Testing vs. Condoms in Pornography

Monday, Sept 17th:

I woke up. I showered, washed my hair, and carefully shaved my underarms, legs, and genitals… avoiding any cuts or razorburn. I gently brushed my teeth and skipped flossing as dental floss can cause small cuts on gums. I went to the location where we were filming my newest pornographic movie for Digital Playground.

My test hadn’t been uploaded to the APHSS database yet. The APHSS database replaces the extremely difficult to tamper with STD/STI test viewing system that the adult industry lost when AIM was shut down. We were already transitioning over to this database when Mr. Marcus recently became infected with Syphilis and faked his test results, and most of the major production companies are now requiring that all performers be listed in the APHSS database as cleared to work before performing a scene. Even though my test (which was negative for HIV, Syphilis, Gonorrhea and Chlamydia) had been emailed directly from the testing facility to the production manager, we waited about an hour until my test results were uploaded and the database showed a green check mark next to my name before shooting anything.

Makeup was applied to my face and things involving a straightening iron were done to my hair. I was dressed by wardrobe. We began shooting the story part of the movie. James Deen, the male performer I was working with that day, arrived on set. Manwin is the company that owns Digital Playground. Their PR person arrived on set with a science correspondent from the New York Times named Donald McNeil and his photographer. Mr. McNeil was there to observe what we do before shooting a sex scene. He said he was interested in the adult industry because we haven’t had a single case of HIV transmission within the industry in 8 years and there is no other community he knows of that has that low of a transmission rate. A couple of performers have been infected with HIV outside of the heterosexual oriented porn industry and been identified as positive before passing it on to anyone else. Others who wanted to enter the adult industry have been identified as positive before entering it. Since the infections of Darren James, Miss Arroyo, Jessica Dee, and Laura Roxx in 2004, there has not been a single transmission of HIV on an adult film set in the US.

After we had filmed everything James Deen and I were needed for aside from the sex scene, we filled out our paperwork. This includes a performer release, tax forms and 2257 documentation to prove we are over 18. The production manager printed out a copy of each performer’s page in the APHSS database. I signed my own copy and James’s, indicating that my results were mine and accurate and that I had seen James’s and was comfortable working with him and his clean test which had been taken less than 14 days prior. He did the same. Then the production manager performed an inspection. He looked in our mouths, at both sides of our hands, and at our genitals to make sure there were no visible sores or open wounds. There was another paper to sign stating that we have no sores or open wounds on or in our mouths, hands, and genitals and had been inspected. We also looked at each others genitals, mostly for fun but if either of us had seen (or smelled) something odd we would have called off the scene ourselves. Then we said goodbye to the reporters (who didn’t seem interested in sticking around for the fun part) and had fun, uninhibited sex together while the camera crew filmed it.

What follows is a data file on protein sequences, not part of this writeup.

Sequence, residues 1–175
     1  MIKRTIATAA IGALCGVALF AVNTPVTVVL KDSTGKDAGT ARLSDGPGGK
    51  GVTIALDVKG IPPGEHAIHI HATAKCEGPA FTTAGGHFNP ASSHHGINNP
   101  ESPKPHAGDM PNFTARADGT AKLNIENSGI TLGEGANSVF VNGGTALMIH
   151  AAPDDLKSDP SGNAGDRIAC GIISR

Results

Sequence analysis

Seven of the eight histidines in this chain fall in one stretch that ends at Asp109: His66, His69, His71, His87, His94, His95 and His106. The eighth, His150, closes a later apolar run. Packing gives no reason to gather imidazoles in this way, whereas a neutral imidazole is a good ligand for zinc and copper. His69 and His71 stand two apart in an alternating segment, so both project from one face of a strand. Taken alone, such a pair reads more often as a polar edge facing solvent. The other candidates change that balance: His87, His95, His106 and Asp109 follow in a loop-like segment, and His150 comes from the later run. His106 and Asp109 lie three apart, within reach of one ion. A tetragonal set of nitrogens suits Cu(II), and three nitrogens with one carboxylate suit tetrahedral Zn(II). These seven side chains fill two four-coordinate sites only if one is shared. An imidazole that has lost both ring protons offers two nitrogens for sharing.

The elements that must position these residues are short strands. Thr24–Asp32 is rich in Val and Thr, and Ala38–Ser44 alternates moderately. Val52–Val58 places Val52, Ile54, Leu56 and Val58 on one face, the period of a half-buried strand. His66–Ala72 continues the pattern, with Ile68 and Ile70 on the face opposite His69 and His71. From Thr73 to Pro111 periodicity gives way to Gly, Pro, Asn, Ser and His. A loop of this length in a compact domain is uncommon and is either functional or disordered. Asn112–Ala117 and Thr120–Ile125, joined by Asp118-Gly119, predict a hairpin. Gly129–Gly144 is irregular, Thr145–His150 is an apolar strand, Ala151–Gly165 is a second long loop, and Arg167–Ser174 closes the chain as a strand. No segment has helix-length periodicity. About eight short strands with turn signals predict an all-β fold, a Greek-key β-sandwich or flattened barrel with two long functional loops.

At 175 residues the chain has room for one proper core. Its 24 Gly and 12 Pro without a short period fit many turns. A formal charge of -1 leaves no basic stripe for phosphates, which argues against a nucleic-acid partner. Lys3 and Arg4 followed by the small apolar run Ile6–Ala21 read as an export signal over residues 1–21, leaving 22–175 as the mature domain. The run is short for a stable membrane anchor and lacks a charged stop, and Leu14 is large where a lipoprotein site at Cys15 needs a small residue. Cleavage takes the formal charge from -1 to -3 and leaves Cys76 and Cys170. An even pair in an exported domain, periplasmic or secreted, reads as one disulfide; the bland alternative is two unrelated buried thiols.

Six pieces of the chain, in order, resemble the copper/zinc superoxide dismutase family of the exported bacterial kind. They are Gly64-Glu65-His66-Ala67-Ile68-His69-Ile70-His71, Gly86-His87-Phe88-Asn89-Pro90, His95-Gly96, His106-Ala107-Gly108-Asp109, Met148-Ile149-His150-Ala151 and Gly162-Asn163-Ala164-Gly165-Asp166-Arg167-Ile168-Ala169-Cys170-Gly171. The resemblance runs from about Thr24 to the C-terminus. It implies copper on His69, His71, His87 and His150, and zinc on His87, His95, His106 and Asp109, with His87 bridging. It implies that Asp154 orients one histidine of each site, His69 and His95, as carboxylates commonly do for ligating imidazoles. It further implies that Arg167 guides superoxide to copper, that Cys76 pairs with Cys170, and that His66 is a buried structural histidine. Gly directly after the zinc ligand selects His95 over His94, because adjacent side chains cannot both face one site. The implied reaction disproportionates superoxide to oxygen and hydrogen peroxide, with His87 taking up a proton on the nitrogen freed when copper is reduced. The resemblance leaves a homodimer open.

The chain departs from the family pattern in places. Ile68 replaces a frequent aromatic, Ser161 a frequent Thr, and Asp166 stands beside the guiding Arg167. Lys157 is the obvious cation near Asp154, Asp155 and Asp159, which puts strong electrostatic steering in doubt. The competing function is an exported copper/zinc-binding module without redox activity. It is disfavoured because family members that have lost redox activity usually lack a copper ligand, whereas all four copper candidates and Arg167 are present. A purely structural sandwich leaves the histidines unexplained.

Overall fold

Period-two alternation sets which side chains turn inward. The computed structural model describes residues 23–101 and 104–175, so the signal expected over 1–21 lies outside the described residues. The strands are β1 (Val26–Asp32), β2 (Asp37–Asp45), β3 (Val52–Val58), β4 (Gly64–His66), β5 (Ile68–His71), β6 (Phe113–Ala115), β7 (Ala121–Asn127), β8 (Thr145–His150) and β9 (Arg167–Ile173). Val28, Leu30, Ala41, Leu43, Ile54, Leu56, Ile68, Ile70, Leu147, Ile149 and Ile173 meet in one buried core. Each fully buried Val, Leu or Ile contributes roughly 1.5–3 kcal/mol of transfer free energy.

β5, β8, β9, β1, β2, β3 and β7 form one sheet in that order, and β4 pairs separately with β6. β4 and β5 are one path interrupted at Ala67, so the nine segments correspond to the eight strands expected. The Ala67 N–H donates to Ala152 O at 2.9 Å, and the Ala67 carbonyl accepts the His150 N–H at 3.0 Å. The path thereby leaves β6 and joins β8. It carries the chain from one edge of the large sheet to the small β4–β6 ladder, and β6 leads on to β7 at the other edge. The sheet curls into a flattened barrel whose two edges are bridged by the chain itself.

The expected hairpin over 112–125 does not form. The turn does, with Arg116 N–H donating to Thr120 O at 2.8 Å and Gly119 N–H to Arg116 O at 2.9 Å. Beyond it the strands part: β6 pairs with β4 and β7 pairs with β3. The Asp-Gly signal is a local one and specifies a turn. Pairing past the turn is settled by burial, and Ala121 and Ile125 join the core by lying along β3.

We were able to have fun, uninhibited sex with each other without a condom because we both knew that the chances of either of us being infected with an STD are very low. Far lower than, say, a stranger at a bar or a person who hasn’t been tested in a year or more. Our frequent STD testing, the APHSS database (and AIM before them), and the skin inspections are self-imposed. The adult industry created these procedures to keep themselves safer. I follow these procedures to keep myself safer, and because it is required in order to be able to work. When any performer tests positive for HIV or Syphilis, we stop production voluntarily. When I (fairly rarely) have sex with someone outside of the adult industry, I use a condom (Full disclosure: unless we have both been tested very recently, I am on a hiatus from the adult industry, and we are only having sex with each other - also known as monogamy) because I don’t want to catch anything and bring it into our talent pool. I don’t want to catch anything and be unable to work.

Measure B claims to be attempting to fix a problem that doesn’t really exist, and ignores the highly successful health and safety measures that the adult industry already has in place. If everyone in the world got tested every 14 to 28 days, was as educated as we are about the risks they take when they have sex, and called a halt to sexual activity any time one person tested positive for an STI until the incubation period had passed and everyone had been re-tested, there would probably be a lower rate of infection outside the adult industry as well.

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